MaddAddam by Margaret Atwood. Published 2013 by Random House. Literary Fiction.
Okay, if you've ever read this blog before you know I am Margaret Atwood superfan. I'm not going to go all Misery but she is my favorite author. So when she has a new book, everything else just stops.
MaddAddam is her latest, the third in the trilogy that began in 2004 with Oryx and Crake. In that book, we met a guy named Jimmy, who was in love with a former prostitute named Oryx; sadly she was in love with Crake, a brilliant scientist. The three of them lived in a gloomy future in which corporations controlled life, people were breeding bizarre animals and life was just generally pretty bleak. I appreciated this book more on my second read; you can read my thoughts here. In 2009 she followed it up with The Year of the Flood, which told the story of this world from the point of view of a group called God's Gardeners, a sort of hippie sect that rejected the man-made and tried to opt for a way of living closer to nature. I loved YotF and have been waiting for this third installment ever since.
I have to release some gentle spoilers.
The flood referred to in the title of book two is a pandemic that wipes out most of humanity. MaddAddam picks up just after the "flood," when a small group of survivors from the first two books comes together along with some creatures made by Crake, a race of gentle, mango-colored beings referred to as "Crakers." Crake made them to replace humans, to be perfect, at least as he understood it, and to take better care of the Earth than he felt humans had. Toby, a middle-aged woman who had holed up in a spa during the outbreak and whom we got to know in The Year of the Flood, returns along with Zeb, a former Gardener turned rebel, Jimmy himself, still reeling from the final events of Oryx and Crake, and more, plus some of those genetically designed animals, one species of whom plays a crucial and unexpected role.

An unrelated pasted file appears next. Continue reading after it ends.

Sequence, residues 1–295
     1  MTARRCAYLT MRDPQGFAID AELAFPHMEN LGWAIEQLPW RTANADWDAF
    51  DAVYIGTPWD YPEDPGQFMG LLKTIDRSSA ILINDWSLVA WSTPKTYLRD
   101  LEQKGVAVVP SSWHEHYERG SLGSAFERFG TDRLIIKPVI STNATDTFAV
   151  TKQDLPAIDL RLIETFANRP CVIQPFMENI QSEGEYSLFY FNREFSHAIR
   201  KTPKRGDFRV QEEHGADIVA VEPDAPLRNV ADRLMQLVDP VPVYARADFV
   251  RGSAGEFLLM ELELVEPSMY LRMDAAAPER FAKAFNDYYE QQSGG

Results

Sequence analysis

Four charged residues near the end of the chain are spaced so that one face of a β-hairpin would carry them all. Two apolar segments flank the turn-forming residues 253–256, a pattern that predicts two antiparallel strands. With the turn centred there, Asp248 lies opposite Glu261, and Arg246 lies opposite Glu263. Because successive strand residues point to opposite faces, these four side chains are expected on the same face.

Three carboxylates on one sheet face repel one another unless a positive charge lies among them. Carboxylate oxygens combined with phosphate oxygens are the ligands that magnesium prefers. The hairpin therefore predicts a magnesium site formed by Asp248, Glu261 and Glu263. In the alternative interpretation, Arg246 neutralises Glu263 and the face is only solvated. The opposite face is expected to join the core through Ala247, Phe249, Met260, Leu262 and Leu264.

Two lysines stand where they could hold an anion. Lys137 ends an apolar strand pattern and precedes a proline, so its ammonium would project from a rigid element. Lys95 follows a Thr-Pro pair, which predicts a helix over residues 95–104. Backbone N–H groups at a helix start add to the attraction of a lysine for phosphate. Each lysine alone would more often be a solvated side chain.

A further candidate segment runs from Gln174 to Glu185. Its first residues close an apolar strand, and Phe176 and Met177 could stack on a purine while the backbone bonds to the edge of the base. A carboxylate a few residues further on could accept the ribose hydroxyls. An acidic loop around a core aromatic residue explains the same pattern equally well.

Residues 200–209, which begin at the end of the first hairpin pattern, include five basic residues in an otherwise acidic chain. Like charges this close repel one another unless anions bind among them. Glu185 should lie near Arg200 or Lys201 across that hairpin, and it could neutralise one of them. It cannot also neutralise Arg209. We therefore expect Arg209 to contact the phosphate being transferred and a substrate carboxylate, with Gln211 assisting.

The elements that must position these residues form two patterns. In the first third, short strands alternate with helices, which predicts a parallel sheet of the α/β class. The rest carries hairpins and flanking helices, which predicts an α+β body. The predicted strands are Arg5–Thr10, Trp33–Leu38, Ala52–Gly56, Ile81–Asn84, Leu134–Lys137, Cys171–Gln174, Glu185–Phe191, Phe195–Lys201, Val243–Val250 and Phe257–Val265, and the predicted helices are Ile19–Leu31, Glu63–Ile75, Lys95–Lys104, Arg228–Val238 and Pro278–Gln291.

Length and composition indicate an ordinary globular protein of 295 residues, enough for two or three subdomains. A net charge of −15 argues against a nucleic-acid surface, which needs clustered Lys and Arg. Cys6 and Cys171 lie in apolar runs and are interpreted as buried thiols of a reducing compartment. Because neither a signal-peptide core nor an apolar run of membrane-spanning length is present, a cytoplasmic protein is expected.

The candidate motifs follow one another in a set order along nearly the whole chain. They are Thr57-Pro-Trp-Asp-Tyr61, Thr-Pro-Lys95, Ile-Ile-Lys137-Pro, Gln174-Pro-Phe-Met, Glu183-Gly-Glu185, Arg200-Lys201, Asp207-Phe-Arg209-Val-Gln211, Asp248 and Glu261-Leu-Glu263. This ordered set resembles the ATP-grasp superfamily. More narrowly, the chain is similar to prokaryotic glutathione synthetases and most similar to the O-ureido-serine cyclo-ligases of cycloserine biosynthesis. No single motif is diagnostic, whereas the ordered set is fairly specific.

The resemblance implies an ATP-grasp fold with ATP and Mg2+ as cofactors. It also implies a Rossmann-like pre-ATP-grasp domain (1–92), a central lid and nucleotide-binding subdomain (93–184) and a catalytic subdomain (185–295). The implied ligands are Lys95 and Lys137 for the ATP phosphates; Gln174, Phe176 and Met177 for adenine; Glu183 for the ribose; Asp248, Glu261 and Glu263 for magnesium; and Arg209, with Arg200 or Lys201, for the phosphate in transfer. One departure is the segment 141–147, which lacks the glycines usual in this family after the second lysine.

The big plot point is the showdown between our gang and a group of three men called Painballers. Painball is like a souped up, hyper-violent paintball crossed with the Hunger Games, and the people who survive it have nothing left but the need to hurt, rape and kill. As the survivors regroup they know the Painballers are out there and that there will be a confrontation. In the mean time as we wait, we get a full and extended backstory for Zeb and by extension his brother Adam, founder of the Gardeners. In the present day, Adam has disappeared and understanding Zeb's relationship to Adam is crucial for the final denouement.
I usually have two or three books going at once, but when I picked up MaddAddam not only did I put them all aside for the duration, I wanted to go read all of Atwood's books again. She's really that good, folks. So yeah, I loved it. I loved learning Zeb's crazy life story, seeing his relationship with Toby play out, and watching the interactions of three different species, all of whom have to navigate some pretty crazy stuff. Some bloggers have complained about how lovelorn for Zeb Toby is after seeing her as self-sufficient in The Year of the Flood. I wasn't bothered by the shift in her characterization because I didn't see it as a shift. She always loved Zeb; she loved him in that book, too, but he wasn't present with her for most of the action. When she sees him again, all these feelings are reignited and I thought the nerdy pair were charming and their relationship genuinely moving. It was the best part of the book for me.
And I did love it. I will say that you should read the first two first though. Atwood includes a thoughtful and thorough plot summary at the beginning but... read the first two first, but it doesn't matter which of the two you read first. In MaddAddam Atwood provides a beautiful and fitting end to the story. I don't have to tell Atwood fans to read this; they have already. But the rest of you- get on it!
FTC Disclosure: I received a copy of MaddAddam for review.